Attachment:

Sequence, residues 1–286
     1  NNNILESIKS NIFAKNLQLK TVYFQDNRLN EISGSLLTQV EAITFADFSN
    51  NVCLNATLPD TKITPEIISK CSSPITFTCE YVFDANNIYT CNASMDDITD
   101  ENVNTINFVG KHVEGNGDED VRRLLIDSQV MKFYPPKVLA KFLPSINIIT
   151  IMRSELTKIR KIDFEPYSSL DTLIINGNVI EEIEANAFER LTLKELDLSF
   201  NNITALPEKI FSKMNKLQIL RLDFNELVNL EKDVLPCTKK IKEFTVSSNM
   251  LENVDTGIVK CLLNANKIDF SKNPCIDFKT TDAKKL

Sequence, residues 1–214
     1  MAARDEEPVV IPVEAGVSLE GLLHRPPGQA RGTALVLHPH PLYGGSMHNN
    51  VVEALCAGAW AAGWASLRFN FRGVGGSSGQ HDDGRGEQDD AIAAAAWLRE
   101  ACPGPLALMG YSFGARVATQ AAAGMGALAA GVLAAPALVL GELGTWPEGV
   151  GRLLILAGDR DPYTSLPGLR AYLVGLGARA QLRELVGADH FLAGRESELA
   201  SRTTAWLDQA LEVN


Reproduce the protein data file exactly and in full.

Sequence, residues 1–286
     1  NNNILESIKS NIFAKNLQLK TVYFQDNRLN EISGSLLTQV EAITFADFSN
    51  NVCLNATLPD TKITPEIISK CSSPITFTCE YVFDANNIYT CNASMDDITD
   101  ENVNTINFVG KHVEGNGDED VRRLLIDSQV MKFYPPKVLA KFLPSINIIT
   151  IMRSELTKIR KIDFEPYSSL DTLIINGNVI EEIEANAFER LTLKELDLSF
   201  NNITALPEKI FSKMNKLQIL RLDFNELVNL EKDVLPCTKK IKEFTVSSNM
   251  LENVDTGIVK CLLNANKIDF SKNPCIDFKT TDAKKL

Sequence, residues 1–214
     1  MAARDEEPVV IPVEAGVSLE GLLHRPPGQA RGTALVLHPH PLYGGSMHNN
    51  VVEALCAGAW AAGWASLRFN FRGVGGSSGQ HDDGRGEQDD AIAAAAWLRE
   101  ACPGPLALMG YSFGARVATQ AAAGMGALAA GVLAAPALVL GELGTWPEGV
   151  GRLLILAGDR DPYTSLPGLR AYLVGLGARA QLRELVGADH FLAGRESELA
   201  SRTTAWLDQA LEVN